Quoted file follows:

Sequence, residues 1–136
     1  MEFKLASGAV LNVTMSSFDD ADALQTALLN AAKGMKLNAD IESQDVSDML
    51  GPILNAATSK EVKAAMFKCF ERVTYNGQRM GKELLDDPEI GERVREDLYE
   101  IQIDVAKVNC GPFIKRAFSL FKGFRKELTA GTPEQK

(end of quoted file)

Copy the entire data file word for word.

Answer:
Sequence, residues 1–136
     1  MEFKLASGAV LNVTMSSFDD ADALQTALLN AAKGMKLNAD IESQDVSDML
    51  GPILNAATSK EVKAAMFKCF ERVTYNGQRM GKELLDDPEI GERVREDLYE
   101  IQIDVAKVNC GPFIKRAFSL FKGFRKELTA GTPEQK